Wegener’s Disease: Understanding The ICD-10 Classification

What is Wegener’s Disease ICD 10?

Wegener’s disease, also known as granulomatosis with polyangiitis (GPA), is a rare autoimmune disorder that causes inflammation of the blood vessels in the nose, sinuses, throat, lungs, and kidneys. It is characterized by the formation of granulomas, which are small clusters of cells that can cause damage to tissues and organs.

Code Information

The ICD-10 code for Wegener’s disease is M31.30. This code is used to classify and assign a specific code to this rare autoimmune disorder for medical billing and diagnostic purposes.

Diagnostic Related Groups (MS-DRG)

PDF] Accuracy of the ICD- Code for Identification of Patients
PDF] Accuracy of the ICD- Code for Identification of Patients

Wegener’s disease falls under MS-DRG 682 – Renal Failure with MCC (Major Complications or Comorbidities). This DRG is used to classify patients who have renal failure as a result of Wegener’s disease and require significant medical intervention and treatment.

Convert to ICD-9 Code

In the past, Wegener’s disease was classified under the ICD-9 code 446.4. However, with the implementation of ICD-10 coding system, the new code M31.30 is now used to identify and classify this autoimmune disorder.

Code History

ICD--CM Diagnosis Code M
ICD–CM Diagnosis Code M

The ICD-10 code M31.30 for Wegener’s disease was introduced in October 2015 as part of the updated coding system to provide more specific and accurate codes for various medical conditions and diseases.

Approximate Synonyms

Other names for Wegener’s disease include granulomatosis with polyangiitis (GPA) and Wegener’s granulomatosis. These terms are often used interchangeably to refer to the same autoimmune disorder.

Clinical Information

Wegener’s disease is characterized by inflammation of the blood vessels, which can lead to damage of various organs and tissues in the body. Common symptoms include sinus pain, nosebleeds, coughing up blood, and kidney problems.


The exact cause of Wegener’s disease is unknown, but it is believed to be triggered by an abnormal immune response that causes inflammation of the blood vessels. Genetic factors and environmental triggers may also play a role in the development of this autoimmune disorder.


Some common symptoms of Wegener’s disease include persistent sinus pain, nosebleeds, coughing up blood, chest pain, shortness of breath, joint pain, and kidney problems. If left untreated, Wegener’s disease can lead to serious complications and organ damage.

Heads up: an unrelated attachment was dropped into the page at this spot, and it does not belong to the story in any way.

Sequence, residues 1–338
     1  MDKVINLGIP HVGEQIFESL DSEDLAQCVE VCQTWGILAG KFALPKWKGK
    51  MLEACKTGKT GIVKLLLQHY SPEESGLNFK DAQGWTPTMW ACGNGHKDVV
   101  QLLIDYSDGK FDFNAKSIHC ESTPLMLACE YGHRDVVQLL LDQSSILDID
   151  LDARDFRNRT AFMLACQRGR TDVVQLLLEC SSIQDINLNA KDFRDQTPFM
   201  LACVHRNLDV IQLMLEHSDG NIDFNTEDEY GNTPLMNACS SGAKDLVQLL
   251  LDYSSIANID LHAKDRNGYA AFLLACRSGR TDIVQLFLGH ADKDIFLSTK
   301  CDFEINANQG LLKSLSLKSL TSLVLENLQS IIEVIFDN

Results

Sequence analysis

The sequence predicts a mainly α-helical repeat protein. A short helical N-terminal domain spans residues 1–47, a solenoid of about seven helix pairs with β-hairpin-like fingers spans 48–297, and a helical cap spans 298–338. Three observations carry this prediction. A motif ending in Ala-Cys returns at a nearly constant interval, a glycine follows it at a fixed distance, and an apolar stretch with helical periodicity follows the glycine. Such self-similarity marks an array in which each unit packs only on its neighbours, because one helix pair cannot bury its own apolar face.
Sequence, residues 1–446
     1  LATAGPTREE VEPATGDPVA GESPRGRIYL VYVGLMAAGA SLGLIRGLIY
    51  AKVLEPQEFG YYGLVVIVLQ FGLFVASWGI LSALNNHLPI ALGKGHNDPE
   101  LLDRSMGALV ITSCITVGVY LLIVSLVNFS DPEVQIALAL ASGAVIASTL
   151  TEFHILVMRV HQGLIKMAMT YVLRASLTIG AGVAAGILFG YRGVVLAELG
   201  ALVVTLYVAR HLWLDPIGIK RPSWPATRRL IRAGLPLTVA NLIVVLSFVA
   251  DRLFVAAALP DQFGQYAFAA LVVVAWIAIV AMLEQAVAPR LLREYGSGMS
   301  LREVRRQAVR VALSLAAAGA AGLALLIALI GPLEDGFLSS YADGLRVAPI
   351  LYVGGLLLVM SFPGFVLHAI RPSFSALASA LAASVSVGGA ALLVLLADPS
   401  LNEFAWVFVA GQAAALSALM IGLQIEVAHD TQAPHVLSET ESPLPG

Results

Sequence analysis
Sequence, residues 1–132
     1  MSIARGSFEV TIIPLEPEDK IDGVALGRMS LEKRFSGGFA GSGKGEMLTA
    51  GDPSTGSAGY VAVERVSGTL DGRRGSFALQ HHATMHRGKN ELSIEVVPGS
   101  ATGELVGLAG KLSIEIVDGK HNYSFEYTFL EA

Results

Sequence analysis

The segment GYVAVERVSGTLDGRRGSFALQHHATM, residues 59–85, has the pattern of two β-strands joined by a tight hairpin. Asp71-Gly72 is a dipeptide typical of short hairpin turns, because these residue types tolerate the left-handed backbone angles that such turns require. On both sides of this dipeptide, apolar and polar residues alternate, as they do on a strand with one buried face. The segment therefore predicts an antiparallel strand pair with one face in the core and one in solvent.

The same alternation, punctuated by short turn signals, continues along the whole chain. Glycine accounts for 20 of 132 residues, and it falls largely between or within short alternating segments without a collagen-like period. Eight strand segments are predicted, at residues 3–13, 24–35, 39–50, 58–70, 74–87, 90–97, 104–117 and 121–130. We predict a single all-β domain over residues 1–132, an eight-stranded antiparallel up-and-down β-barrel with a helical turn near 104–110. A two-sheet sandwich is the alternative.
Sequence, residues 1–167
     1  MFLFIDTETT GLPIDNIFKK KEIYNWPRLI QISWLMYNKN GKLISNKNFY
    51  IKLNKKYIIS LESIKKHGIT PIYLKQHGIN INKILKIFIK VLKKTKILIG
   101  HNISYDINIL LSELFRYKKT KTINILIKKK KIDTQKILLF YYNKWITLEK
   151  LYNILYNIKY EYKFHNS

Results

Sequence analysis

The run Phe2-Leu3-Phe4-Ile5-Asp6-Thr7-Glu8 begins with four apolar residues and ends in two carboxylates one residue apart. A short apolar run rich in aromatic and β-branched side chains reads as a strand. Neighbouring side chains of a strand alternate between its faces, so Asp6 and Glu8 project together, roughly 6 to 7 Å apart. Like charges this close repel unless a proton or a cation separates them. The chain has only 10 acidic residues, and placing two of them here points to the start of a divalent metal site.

Diagnosing Wegener’s disease can be challenging, as the symptoms are similar to other respiratory and autoimmune disorders. Medical history, physical examination, blood tests, imaging studies, and biopsy of affected tissues are often used to confirm the diagnosis of Wegener’s disease.


Treatment for Wegener’s disease typically involves a combination of corticosteroids, immunosuppressant medications, and other medications to control inflammation and suppress the abnormal immune response. In severe cases, surgery may be needed to repair damaged organs or tissues.


In conclusion, Wegener’s disease is a rare autoimmune disorder that causes inflammation of the blood vessels and can lead to serious complications if left untreated. Proper diagnosis and treatment are essential to manage symptoms and prevent organ damage in patients with Wegener’s disease.


1. What are the risk factors for developing Wegener’s disease?

Some risk factors for Wegener’s disease include genetic predisposition, exposure to certain environmental triggers, and a history of other autoimmune disorders.

2. Is Wegener’s disease curable?

While there is no cure for Wegener’s disease, early diagnosis and treatment can help manage symptoms and prevent complications in patients with this autoimmune disorder.

3. Can Wegener’s disease affect children?

Wegener’s disease is rare in children, but it can occur in individuals of any age. Children with Wegener’s disease may experience similar symptoms as adults and require specialized medical care.

4. Are there any lifestyle changes that can help manage Wegener’s disease?

Managing Wegener’s disease involves following a healthy lifestyle, including a balanced diet, regular exercise, and avoiding smoking and exposure

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